Hours Monday to Friday 7 am to 6 pm
DOI has just doubled our Ultrasound capacity with newly purchased Philips 34 XRL scanner. We have Three certified Ultrasonographers with cumulative experience of 45 years. We are confident you will find them professional and compassionate. Beverly Bruner RDMS, Sonographer, formally of Desert Imaging has joined our team.
3D OB Ultrasounds:
You better believe it. Available whenever our US department is open. No referral necessary. Images are reviewed by an actual radiologist.
Ultrasound Hours: Monday, Tuesday, Thursday 8 am to 5 pm Wednesday 8 am to 8 pm Friday 8 am to 5 pm Saturday 8 am to 12 pm
DOI was the first facility in El Paso to acquire Hologic Full Field Digital Mammography and thus we have more experience with this technology than any facility in El Paso. Our Mammographer has 20 years of experience and has her own following of patents who seek her out to perform their mammograms because of her excellent and compassionate care. Our private pay screening mammography price of $90, including the interpretation is an unbeaten price in El Paso.
Hours Mon – Fri 8am to 4pm Extended hours Wednesday until 8pm) Saturdays 8am to 12pm
Bone Denisity (DEXA)
We have a brand new, Hologic Discovery CI bone densitometer scanner. This is the latest technology.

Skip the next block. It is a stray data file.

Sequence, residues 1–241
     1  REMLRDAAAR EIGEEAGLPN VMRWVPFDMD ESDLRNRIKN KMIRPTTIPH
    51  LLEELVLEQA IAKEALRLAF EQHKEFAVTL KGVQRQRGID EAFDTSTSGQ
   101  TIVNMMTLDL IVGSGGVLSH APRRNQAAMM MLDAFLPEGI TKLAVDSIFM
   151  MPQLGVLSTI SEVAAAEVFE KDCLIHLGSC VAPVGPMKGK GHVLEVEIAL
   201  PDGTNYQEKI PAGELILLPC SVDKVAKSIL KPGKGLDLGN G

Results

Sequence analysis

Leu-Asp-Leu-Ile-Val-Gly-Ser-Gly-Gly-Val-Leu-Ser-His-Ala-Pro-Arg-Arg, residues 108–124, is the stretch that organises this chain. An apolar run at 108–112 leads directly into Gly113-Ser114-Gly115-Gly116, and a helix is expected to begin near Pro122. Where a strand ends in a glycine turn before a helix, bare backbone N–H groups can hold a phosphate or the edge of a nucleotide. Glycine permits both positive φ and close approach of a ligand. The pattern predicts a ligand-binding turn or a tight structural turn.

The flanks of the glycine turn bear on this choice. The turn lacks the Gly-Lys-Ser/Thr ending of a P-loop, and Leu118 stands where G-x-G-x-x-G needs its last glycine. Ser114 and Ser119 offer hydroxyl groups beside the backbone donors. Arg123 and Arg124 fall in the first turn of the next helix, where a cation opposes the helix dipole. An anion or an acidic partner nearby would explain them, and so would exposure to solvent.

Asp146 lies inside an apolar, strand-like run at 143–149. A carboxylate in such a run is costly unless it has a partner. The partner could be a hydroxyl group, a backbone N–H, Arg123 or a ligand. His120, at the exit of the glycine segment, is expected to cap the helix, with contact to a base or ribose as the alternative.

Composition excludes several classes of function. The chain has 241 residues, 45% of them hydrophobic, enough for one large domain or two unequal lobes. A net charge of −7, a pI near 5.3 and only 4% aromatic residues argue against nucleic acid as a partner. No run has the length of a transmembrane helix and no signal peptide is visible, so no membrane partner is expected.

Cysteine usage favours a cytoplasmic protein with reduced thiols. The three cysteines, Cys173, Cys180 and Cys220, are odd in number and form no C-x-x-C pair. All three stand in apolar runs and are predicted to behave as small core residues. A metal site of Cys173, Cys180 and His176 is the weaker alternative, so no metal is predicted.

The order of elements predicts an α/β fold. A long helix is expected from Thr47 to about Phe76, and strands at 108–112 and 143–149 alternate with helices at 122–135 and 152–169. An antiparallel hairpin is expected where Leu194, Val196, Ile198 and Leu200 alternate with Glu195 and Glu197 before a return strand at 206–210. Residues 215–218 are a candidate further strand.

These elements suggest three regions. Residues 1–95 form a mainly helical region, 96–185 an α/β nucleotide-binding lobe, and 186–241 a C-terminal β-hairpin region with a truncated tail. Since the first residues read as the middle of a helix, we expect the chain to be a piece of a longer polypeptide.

Our digital computed radiography was just updated February 2014. No appointments are necessary.
There are a number of important factors to take into consideration, such as the timing of when an MRI scan must be performed and limitations with interpretation of findings, to get an MRI scan for herniated discs.
To begin with, the difficulty with the results of an MRI scan, as with a number of other diagnostic studies, is that the abnormality may not always be the source of an individual’s back pain or other symptoms. Numerous studies have shown that approximately 30 percent of people in their twenties and forties have a lumbar disc herniation in their MRI scan, even though they don’t have any pain.
An MRI scan cannot be interpreted on its own. Everything Has to Be well-correlated into the individual patient’s condition, for example:
Symptoms (such as the duration, location, and severity of pain)
Any deficits in their examination
Another concern with MRI scans is the time of when the scan is done. When a patient has experienced the following symptoms would be the only time that an MRI scan is needed immediately: